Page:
No-show envoy sparks anger at Jerusalem fest

JERUSALEM — A 15-month festival celebrating the 3,000th anniversary of the founding of Jerusalem began with a bang Monday, as government officials and the Israeli public paid tribute to their capital.

Determined to make this a memorable celebration, Israeli officials shrugged off charges recently lodged by the European Union and the Palestinian Authority that the event focuses on Jewish contributions to the city at the expense of other religions.

The Jerusalem 3000 celebration, originally conceived strictly as a vehicle to attract tourists, has increasingly taken on political overtones as the dispute between Israelis and Palestinians over the status of Jerusalem escalates.

It was no surprise that Palestinian leaders and European ambassadors would not be in attendance, but the absence of U.S. Ambassador Martin Indyk created a stir.

American Jewish leaders, who had helped organize Jerusalem 3000, were particularly upset by the absence of Indyk, the first Jewish U.S. envoy to Israel.

"There was concern that a decision had been taken not to participate," said Malcolm Hoenlein, the executive director of the Conference of Presidents of Major American Jewish Organizations who serves as American executive vice chairman of Jerusalem 3000.

"Everyone came up to us and asked, `Where is your ambassador?'"

Hoenlein said that immediately after the ceremony, he telephoned Indyk for an explanation.

"I spoke to Martin, and he assured me that there is no boycott and that he plans to participate in future Jerusalem 3000 events," Hoenlein said.

"Nonetheless, we were disappointed that he didn't participate, if only to avoid any misunderstanding and the feelings engendered by his absence."

Hoenlein acknowleged that Indyk "did have other functions to participate in" the same night. Indyk was attending a Labor Day barbecue and a benefit for an Israeli women's shelter. A senior cultural affairs official attended the Jerusalem 3000 events in his place.

Israeli officials invited 70 ambassadors to Monday night's ceremony, but only 17 attended.

Prime Minister Yitzhak Rabin was unhappy that the ceremony had been "abandoned" by diplomats, including Indyk, said spokeswoman Aliza Goren.

Jerusalem Mayor Ehud Olmert said Indyk's decision not to attend the opening ceremony proved that "Jerusalem is like an open wound in the relations between us and the United States."

Refusing to allow any controversy to diminish the Jerusalem 3000 extravaganza, Rabin, Olmert and Tourism Minister Uzi Baram kicked off the festival at the City of David, an archeological site outside the Old City where King David is believed to have first settled Jerusalem.

"We are opening our celebrations here, in the original City of David, to tell ourselves, and the entire world, that our roots in this land predate Zionism, predate the diaspora and even predate the Holy Temples," Olmert said.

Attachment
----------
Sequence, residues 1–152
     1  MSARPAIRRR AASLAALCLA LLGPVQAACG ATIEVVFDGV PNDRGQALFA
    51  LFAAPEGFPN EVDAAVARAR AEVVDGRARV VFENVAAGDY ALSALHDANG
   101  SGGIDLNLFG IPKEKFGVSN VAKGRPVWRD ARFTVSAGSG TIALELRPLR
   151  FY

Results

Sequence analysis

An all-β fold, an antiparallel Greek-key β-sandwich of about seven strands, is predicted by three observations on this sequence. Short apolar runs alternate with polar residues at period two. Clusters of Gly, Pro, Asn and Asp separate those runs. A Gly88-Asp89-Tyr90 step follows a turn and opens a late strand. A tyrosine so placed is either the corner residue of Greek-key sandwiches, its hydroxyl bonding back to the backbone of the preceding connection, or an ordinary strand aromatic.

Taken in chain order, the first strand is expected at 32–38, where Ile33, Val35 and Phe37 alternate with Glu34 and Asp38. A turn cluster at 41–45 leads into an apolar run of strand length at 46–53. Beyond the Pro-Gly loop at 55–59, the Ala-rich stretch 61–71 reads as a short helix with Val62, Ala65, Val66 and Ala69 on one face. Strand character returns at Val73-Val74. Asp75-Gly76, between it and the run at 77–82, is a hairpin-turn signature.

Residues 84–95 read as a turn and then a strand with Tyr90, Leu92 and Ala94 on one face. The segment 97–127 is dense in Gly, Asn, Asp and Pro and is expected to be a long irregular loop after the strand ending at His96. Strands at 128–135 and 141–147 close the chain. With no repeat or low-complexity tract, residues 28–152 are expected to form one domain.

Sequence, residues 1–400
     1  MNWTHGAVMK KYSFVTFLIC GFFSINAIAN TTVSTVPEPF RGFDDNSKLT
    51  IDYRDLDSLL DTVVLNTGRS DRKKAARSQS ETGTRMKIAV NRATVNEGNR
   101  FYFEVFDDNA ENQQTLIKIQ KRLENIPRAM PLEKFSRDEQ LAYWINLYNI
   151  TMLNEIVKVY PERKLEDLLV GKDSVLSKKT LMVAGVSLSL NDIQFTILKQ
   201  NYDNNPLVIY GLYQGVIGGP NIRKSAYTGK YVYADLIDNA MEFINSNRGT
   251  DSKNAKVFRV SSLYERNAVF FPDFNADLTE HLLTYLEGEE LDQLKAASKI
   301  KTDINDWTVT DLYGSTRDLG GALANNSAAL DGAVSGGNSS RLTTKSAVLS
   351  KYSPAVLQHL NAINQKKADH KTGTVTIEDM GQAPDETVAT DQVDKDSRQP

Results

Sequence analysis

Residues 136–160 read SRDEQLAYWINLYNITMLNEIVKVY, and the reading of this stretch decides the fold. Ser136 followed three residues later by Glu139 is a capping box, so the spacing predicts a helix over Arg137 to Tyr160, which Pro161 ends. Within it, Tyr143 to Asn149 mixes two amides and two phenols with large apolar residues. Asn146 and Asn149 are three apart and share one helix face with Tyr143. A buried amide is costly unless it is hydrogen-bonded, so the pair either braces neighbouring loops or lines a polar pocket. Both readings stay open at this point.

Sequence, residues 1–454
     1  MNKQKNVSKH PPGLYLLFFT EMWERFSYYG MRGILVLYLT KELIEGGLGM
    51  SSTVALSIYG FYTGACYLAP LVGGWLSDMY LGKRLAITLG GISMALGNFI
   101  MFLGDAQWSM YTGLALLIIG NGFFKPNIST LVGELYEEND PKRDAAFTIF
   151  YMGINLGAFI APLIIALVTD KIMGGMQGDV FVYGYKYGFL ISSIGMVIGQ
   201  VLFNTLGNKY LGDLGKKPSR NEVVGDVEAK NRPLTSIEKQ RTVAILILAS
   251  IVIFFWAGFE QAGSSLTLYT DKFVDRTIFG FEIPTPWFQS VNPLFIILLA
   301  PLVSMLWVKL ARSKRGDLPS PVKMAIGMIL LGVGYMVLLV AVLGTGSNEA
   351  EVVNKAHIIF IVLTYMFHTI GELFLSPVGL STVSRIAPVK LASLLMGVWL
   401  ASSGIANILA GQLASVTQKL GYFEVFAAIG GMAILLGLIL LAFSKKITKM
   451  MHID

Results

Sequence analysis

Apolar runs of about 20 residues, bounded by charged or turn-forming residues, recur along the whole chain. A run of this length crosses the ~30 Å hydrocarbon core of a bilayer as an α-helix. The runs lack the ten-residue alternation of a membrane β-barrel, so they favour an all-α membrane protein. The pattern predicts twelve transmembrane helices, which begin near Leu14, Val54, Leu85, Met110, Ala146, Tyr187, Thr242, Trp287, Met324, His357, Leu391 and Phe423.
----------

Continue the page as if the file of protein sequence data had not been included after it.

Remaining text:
Later, more than a thousand Knesset members, clergy and invited guests, many of whom had flown in for the event, attended an outdoor ceremony at the Knesset.

In his Knesset address, Olmert reiterated the stance that Jerusalem must stay united under Israeli rule.

He then surprised many by delivering a lengthy tribute to former Jerusalem Mayor Teddy Kollek. It is no secret that the past and current mayor do not get along.

In his address, Rabin stressed the need for goodwill on all sides and reiterated his stand on the future status of Jerusalem:

"Three thousand years of Jerusalem are for us, now and forever, a message for tolerance between religions, of love between peoples, of understanding between nations, of the penetrating awareness that there is no State of Israel without Jerusalem, and no peace without Jerusalem united — the City of Peace," Rabin said.

"United Jerusalem is the heart of the Jewish people and the capital of the State of Israel. United Jerusalem is ours. Jerusalem forever."

After Rabin's address, an array of fireworks and laser lights, choreographed to music, lit up the night sky.

While those at the Knesset watched from the balcony, tens of thousands of families clogged the streets nearby to catch the display.

As upbeat as the evening was, the question of Jerusalem's future preoccupied many in the crowd.

"Those were amazing fireworks," said a teenager named Tzvi, "but these festivities will be meaningless if the city is divided."

Others, such as a young mother named Leah, struck a more upbeat note.

"If anyone had doubts that Jerusalem is the capital of the Jewish state of Israel, Jerusalem 3000 should set them straight."